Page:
Loneliness is the negative emotion associated with feeling isolated. Staring university, a new job, or moving to a new city can be daunting and can leave people feeling like this. There are two ways to tackle this, either reduce the isolation or improve the negative emotion associated with being alone. Here at Caidr we have 4 simple tips for starting to tackle both components. These include joining a community, helping others, building fewer but stronger relationships, and avoiding comparisons.
Sports or physical activity can be a great starting point for growing your local support network. Joining a sports club, team, or activity group can help build a friendship through shared experience. It has also been proven to help decrease loneliness with the added benefit of keeping you fit and healthy. If sport is not for you, then why not start a new hobby or join a group based around an existing hobby such as a book club or arts group.
Not only does helping others boost mental wellbeing and self-esteem, but it is also another way to create shared experiences with others and provide a great place to build friendships. Studies have shown that volunteering can help improve depression, lessen loneliness, and even lower blood pressure. This means it could help you live a more happy, healthy and longer life.
When it comes to friendships it is definitely quality that counts. Loneliness is not actually linked to the number of friends you have but actually the number of meaningful connections you have. Having a large number of friends can actually make it more difficult to create true friendship as your time may be spread more thinly. The other key is to avoid comparisons to other people. Although it’s well known that social media doesn’t tell the whole truth about someone’s life, it can still be tempting to look at and compare to what’s portrayed by others. This can actually cause or exacerbate the feeling of loneliness by creating a high and unrealistic expectation of what life “should be”.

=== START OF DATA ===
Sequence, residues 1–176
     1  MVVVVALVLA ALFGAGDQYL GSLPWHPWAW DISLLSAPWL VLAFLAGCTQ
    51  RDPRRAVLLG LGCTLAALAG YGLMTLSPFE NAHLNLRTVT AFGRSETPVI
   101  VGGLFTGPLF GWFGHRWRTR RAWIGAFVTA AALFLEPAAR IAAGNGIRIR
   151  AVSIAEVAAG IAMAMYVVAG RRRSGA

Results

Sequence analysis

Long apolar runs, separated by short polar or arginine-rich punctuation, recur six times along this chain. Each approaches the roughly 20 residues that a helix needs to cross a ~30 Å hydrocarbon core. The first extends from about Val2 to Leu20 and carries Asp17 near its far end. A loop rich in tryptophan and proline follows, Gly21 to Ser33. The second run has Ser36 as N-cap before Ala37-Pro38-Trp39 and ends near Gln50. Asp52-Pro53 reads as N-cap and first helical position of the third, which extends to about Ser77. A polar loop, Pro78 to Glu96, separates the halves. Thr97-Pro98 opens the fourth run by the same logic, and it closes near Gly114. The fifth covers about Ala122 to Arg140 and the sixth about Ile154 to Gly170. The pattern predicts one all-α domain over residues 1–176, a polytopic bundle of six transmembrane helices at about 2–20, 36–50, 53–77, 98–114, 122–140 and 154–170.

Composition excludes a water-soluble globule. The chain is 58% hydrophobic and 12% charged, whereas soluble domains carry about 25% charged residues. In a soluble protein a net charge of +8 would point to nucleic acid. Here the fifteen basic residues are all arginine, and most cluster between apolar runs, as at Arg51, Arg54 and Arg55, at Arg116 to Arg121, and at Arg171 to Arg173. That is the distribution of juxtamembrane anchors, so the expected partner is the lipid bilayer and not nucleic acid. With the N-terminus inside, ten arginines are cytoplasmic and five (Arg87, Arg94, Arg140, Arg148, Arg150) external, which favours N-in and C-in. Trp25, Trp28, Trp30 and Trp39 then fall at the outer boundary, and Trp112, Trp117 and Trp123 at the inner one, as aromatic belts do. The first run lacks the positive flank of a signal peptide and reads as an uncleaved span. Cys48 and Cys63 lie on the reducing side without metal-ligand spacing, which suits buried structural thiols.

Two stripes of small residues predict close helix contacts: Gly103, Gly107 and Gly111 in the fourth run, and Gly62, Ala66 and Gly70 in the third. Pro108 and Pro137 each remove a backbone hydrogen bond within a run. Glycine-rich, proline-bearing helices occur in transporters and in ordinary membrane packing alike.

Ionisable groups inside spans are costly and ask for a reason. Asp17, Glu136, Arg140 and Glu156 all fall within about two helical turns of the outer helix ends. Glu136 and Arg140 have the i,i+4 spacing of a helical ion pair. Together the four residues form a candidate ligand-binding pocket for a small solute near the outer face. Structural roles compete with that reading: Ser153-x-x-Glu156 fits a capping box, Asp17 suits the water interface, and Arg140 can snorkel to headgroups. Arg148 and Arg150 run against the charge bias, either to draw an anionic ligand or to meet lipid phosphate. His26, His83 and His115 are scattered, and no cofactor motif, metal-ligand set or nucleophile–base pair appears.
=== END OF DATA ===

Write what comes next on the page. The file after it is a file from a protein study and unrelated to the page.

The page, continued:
If you are really struggling then you should seek professional help. This can be through your university, college, your workplace, or through your doctor. It is important to know that you are not alone. Studies show that over one in four students report feeling lonely, and at least one-third of adults do worldwide. That is a large number of lonely people who are actually not alone in what they are going through. The negative emotion that comes with it can have a big impact on people’s mental health and emotional wellbeing so if you are struggling it is best to take the step and reach out for help, either to someone you trust or through trusted support services.